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BY Rob Gill


WTM 2017: Egypt recovery picks up pace as arrivals surge

Egypt is enjoying an “exceptional recovery” in tourism arrivals this year due to increased “economic and social stability” that has encouraged European visitors back to the country.

ETA Abu Simbel

The North African destination has been suffering over the last few years following the Arab Spring uprisings in 2011 and a series of high-profile terrorist attacks, including the blowing up of a Russian charter jet near Sharm El Sheikh in 2015.


But the destination is finally on the road to recovery with visitor numbers rising by 53% during the first nine months of 2017, compared with the same period last year – Egypt is on course to reach eight million international arrivals for the entire year.


Although Egypt’s numbers remain significantly lower than the peak year of 2010 when there were 14 million arrivals.


Germany is leading the way with 800,000 arrivals between January and September – an increase of 85% on last year. Egyptian tourism officials hope that German tourists could reach the one million mark by the end of the year.


But the UK is “lagging behind” other key markets – mainly due to the continued ban by the British government on flying to Sharm El Sheikh airport, which was first instigated due to the aircraft bombing two years ago.


Hisham El Demery, chairman of the Egyptian Tourism Promotion Board, told TTG: “We are complying with international standards on safety and security. I believe Sharm El Sheikh airport is quite safe and much safer than other airports.


“We can also customise to every single country’s security requirements. Most countries, except for the UK and Russia, are now flying to Sharm.”


Egypt’s UK ambassador Nasser Kamel said the question of why UK airlines could not return to Sharm should be “asked to the UK government”, as the Egyptian government had already completed the upgrading of the airport’s security.


“The issue is no longer about security and I have no clear answer to it,” he added. “All other western European countries are now flying to Sharm, including Germany, and all these nations take security very seriously.”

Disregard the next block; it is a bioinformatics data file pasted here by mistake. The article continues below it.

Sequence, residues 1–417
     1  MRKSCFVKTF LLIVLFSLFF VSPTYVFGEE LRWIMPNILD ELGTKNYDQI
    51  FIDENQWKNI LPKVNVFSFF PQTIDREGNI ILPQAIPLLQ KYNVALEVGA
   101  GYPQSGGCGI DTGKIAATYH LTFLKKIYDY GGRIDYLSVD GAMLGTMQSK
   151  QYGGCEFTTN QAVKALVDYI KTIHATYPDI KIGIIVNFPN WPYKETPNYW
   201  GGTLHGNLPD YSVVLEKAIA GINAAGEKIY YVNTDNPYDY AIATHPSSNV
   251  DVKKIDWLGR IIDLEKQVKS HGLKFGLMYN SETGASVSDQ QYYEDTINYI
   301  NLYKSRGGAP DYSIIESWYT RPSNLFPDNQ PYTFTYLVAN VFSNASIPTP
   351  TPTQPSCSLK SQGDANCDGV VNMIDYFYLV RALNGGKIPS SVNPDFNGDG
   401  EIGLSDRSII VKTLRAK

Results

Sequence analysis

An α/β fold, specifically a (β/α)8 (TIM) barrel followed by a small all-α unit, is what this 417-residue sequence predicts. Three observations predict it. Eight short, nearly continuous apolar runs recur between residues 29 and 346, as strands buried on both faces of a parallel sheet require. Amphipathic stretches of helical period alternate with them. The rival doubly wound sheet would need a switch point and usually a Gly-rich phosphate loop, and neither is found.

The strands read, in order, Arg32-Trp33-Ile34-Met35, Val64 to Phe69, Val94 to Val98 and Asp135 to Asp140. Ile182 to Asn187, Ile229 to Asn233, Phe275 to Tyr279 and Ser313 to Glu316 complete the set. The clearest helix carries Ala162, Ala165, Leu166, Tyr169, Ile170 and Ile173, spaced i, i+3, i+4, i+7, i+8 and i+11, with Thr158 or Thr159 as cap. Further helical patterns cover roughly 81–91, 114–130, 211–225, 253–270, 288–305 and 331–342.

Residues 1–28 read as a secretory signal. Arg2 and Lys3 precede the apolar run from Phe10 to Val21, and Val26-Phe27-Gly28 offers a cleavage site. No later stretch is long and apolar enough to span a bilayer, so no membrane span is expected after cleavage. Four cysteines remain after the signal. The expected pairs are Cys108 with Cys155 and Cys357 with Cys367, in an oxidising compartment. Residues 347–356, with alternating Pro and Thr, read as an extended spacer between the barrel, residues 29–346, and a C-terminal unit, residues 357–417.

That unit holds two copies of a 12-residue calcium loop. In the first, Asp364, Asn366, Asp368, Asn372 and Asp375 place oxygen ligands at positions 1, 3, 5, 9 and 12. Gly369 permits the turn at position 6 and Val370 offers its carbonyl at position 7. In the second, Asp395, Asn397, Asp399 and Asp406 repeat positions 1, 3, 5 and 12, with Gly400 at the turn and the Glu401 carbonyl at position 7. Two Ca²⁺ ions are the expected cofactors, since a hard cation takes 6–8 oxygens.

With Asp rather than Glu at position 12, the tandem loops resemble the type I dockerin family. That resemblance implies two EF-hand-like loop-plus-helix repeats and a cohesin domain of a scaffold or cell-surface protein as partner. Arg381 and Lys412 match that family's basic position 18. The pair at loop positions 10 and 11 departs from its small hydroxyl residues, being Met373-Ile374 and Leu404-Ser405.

Despite Sharm remaining off-limits to UK customers, there has still been a 31% rise in British visitors to Egypt this year, which rose to 230,000 for the first nine months of the year. Holidaymakers have been choosing the Red Sea resorts of Hurghada, Marsa Alam and Quseir as alternatives to Sharm.


“Sharm El Sheikh was the number one destination for British visitors - as long as Sharm is still not operating, we don’t expect British numbers to be the same as the numbers from Germany and Italy,” said Kamel. “The UK is lagging behind other destinations.”


Egypt’s deputy minister of tourism Dr Adla Ragab said she was “more optimistic” about the continued recovery of Egypt’s tourism business.


“Figures show that the efforts being done by the government and private sector were on the right track,” she added.


Ragab said they wanted to concentrate on both the “quality and quantity” of visitors, as well as improving the skills of those working in the industry.


Other key initiatives include the development of major new tourism resorts, such as New El Alamein City on the Mediterranean coast, and the planned opening in 2018 of the Grand Egypt Museum, near the pyramids in Giza, which will be largest archaeological museum in the world.


Egypt also plans to increase the number of nationalities who can receive a visa-on-arrival.


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